II. GREGORY AS A HISTORIAN.—From the time of his election to the episcopate Gregory began to write. His subjects seem to have been chosen, at the beginning of his literary activity, less for their importance than for the purpose of edification. The miracles of St. Martin were then his main theme, and he always cherished most the themes of the hagiographer. Even in his strictly historical writings, biographical details retain a place often quite disproportionate to their importance. His complete works deal with many subjects, and are by himself summarized as follows: “Decem libros historiarum, septem miraculorum, unum de vita patrum scripsi; in psalterii tractatu librum unum commentatus sum; de cursibus etiam ecclesiasticis unum librum condidi”, i.e. I have written ten books of “historia”, seven of “miracles” one on the lives of the Fathers, a commentary in one book on the psalter, and one book on ecclesiastical liturgy. The “Liber de miraculis b. Andreae apostoli” and the “Passio ss. martyrum septem dormientium apud Ephesum” are not mentioned by him, but are undoubtedly from his hand. His hagiographical writings must naturally be read in keeping with the spirit and tastes of his own times. An edict of King Gun-tram, taken from the “Historia Francorum”, illustrates both quite aptly: “We believe that the Lord, who rules all things by His might, will be appeased by our endeavors to uphold justice and right among all people. Being our Father and our King, ever ready to succour human weakness by His grace, God will grant our needs all the more generously when He sees us faithful in the observance of His precepts and commandments”. The mental attitude of the king differed little, of course, from that of his people. Nearly all were deeply persuaded that all events were divinely foreseen; but sometimes even to a superstitious extreme. Thus, despite the contemporary social degradation and crimes, the people were ever on the alert for supernatural manifestations, or for what they believed to be such. In this way arose a religious devotion, real and active, indeed, but also impulsive and not properly controlled by reason. Providence seemed to intervene so directly in every minute detail that men blindly thanked God for an enemy’s death just as they would for some wonderful grace that had been granted them. The supernatural world was always quite near to the men of that age; God and His saints seemed ever to deal intimately and immediately with the affairs of men. The tombs and relics of the saints became the centers of their miraculous activity. In the contemporary hagiographical narratives those who refuse to believe in the miracles are the exception, and are generally represented as coming to an evil end unless they repent of their incredulity. Occasionally one notes a reaction against this excessive credulity; here and there an individual ventures to assert that certain miracles are fictive, and sometimes impostures. Sensible men endeavor to calm the too ardent credulity of many. Gregory tells us of an abbot who severely punished a young monk who believed he had wrought a miracle: “My son”, said the abbot, “endeavor in all humility to grow in the fear of the Lord, instead of meddling with miracles.”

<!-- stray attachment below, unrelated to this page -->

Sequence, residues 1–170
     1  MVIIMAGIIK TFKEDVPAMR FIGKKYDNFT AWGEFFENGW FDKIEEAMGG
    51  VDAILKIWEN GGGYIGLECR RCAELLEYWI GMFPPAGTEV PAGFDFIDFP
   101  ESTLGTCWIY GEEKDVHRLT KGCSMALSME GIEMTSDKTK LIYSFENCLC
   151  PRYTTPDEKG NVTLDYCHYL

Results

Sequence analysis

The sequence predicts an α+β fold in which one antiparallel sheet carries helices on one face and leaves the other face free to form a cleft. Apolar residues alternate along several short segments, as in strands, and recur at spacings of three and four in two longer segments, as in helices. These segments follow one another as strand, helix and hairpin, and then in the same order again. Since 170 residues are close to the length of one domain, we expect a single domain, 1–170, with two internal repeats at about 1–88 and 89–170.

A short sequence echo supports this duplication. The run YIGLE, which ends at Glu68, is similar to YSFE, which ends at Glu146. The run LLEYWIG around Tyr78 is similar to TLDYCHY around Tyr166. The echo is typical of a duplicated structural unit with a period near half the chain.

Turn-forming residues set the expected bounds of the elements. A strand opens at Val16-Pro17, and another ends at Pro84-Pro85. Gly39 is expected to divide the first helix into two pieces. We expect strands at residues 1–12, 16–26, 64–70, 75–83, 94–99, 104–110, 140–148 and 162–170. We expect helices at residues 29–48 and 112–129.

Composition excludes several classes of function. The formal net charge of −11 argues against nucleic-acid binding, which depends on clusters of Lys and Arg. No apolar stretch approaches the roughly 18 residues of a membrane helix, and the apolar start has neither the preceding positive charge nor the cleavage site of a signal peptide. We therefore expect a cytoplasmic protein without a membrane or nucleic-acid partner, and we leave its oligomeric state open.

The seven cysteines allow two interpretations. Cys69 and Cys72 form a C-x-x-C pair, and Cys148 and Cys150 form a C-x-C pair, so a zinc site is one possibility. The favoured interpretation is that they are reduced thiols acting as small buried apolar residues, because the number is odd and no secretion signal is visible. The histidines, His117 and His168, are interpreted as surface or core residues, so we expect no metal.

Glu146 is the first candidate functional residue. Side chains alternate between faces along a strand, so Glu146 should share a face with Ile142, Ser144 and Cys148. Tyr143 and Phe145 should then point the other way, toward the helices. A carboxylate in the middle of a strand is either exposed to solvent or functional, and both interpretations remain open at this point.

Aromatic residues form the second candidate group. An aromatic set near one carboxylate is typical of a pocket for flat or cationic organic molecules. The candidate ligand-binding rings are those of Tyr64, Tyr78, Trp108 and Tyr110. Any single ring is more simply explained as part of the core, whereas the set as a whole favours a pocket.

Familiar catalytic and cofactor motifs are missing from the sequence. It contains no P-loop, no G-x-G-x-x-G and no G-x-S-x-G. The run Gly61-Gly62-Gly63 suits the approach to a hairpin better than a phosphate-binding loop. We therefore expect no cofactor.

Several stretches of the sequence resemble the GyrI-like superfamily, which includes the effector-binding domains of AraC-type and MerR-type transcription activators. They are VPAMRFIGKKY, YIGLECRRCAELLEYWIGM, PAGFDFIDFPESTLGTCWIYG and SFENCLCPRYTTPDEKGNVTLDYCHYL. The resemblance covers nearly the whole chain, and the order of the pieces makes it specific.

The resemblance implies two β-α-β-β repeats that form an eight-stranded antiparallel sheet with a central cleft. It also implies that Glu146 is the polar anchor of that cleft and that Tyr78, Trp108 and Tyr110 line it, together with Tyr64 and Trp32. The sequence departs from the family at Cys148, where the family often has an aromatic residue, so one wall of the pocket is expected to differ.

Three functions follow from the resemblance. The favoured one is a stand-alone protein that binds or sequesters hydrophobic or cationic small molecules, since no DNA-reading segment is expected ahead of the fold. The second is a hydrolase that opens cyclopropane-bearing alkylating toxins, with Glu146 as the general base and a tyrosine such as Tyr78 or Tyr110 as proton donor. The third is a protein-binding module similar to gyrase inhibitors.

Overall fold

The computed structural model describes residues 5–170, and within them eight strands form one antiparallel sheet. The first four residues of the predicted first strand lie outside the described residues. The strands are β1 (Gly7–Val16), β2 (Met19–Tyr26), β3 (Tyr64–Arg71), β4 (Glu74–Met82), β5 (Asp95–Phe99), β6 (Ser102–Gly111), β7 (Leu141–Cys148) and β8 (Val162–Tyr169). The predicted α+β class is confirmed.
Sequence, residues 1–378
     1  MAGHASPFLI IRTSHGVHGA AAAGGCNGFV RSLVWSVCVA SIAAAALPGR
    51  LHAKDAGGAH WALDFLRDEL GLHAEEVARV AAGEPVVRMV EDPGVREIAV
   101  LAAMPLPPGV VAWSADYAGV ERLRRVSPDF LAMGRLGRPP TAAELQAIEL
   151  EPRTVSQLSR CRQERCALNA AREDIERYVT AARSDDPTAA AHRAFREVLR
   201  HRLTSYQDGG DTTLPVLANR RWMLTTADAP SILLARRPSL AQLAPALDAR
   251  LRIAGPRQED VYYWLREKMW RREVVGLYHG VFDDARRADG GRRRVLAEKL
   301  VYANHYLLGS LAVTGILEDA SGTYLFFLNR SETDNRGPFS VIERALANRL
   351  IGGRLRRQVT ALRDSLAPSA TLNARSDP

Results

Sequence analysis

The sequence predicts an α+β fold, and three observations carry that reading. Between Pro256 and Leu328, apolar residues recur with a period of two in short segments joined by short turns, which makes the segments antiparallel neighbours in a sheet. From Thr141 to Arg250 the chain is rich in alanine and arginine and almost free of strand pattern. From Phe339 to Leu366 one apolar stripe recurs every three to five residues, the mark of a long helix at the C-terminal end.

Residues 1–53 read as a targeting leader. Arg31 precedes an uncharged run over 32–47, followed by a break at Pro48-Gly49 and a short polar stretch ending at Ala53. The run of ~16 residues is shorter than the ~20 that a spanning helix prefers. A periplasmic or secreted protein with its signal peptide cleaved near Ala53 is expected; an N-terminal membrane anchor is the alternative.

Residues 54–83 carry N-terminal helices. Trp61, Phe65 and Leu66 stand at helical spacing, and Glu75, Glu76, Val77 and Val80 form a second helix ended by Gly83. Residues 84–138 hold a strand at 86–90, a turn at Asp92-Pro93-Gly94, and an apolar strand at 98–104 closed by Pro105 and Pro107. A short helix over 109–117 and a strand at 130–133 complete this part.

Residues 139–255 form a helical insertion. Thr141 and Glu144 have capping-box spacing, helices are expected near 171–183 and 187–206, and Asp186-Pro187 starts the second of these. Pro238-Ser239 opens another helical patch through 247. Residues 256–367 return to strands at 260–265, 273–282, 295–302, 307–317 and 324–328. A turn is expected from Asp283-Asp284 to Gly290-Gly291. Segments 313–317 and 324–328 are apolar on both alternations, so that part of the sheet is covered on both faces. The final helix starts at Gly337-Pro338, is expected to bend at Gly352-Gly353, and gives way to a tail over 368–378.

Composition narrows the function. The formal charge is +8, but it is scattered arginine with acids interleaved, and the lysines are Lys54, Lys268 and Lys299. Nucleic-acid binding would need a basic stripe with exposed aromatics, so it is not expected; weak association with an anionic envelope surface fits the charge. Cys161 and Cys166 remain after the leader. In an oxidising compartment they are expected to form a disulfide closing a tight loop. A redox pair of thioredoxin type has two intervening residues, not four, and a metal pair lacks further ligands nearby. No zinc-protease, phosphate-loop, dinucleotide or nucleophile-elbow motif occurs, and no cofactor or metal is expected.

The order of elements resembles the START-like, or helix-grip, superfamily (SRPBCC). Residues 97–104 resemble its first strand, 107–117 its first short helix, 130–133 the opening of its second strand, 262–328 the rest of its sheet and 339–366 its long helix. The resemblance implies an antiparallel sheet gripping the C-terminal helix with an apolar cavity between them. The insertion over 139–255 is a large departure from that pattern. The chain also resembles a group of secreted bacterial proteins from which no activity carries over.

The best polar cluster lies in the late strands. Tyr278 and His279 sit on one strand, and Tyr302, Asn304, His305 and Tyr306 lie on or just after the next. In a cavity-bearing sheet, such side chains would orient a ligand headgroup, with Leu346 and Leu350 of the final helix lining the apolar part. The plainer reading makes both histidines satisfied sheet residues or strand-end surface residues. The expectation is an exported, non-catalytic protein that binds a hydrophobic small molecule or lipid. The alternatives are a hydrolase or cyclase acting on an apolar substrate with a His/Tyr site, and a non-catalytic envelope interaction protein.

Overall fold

Gregory himself, though he relates a great many miracles, seems occasionally to have doubted some of them. He knew that unscrupulous men were wont to abuse the credulity of the faithful, and many agreed with him. Not everyone was willing to consider a dream as a supernatural manifestation. This distrust, however, affected only particular cases; as a rule belief in the multiplicity of miracles was general. The first work of Gregory was an account in four books of the miracles of St. Martin, the famous thaumaturgus of Gaul. The first book was written in 575, the second after 581, the third was completed about 587; the fourth was never completed. After finishing the first two books he began an account of the miracles of an Auvergne saint then famous, “De passione et virtutibus sancti Juliani martyris”. Julian had died in the neighborhood of Clermont-Ferrand and his tomb at Brioude was a well known place of pilgrimage. In 587, Gregory began his “Liber in gloria martyrum”, or “Book of the Glories of the Martyrs”. It deals almost exclusively with the miracles wrought in Gaul by the martyrs of the Roman persecutions. Quitesimilar is the “Liber in gloria confessorum” a vivid picture of contemporary or quasi-contemporary customs and manners. The “Liber vitae Patrum”, the most important and interesting of Gregory’s hagiographical works, gives us much curious information concerning the upper classes of the period.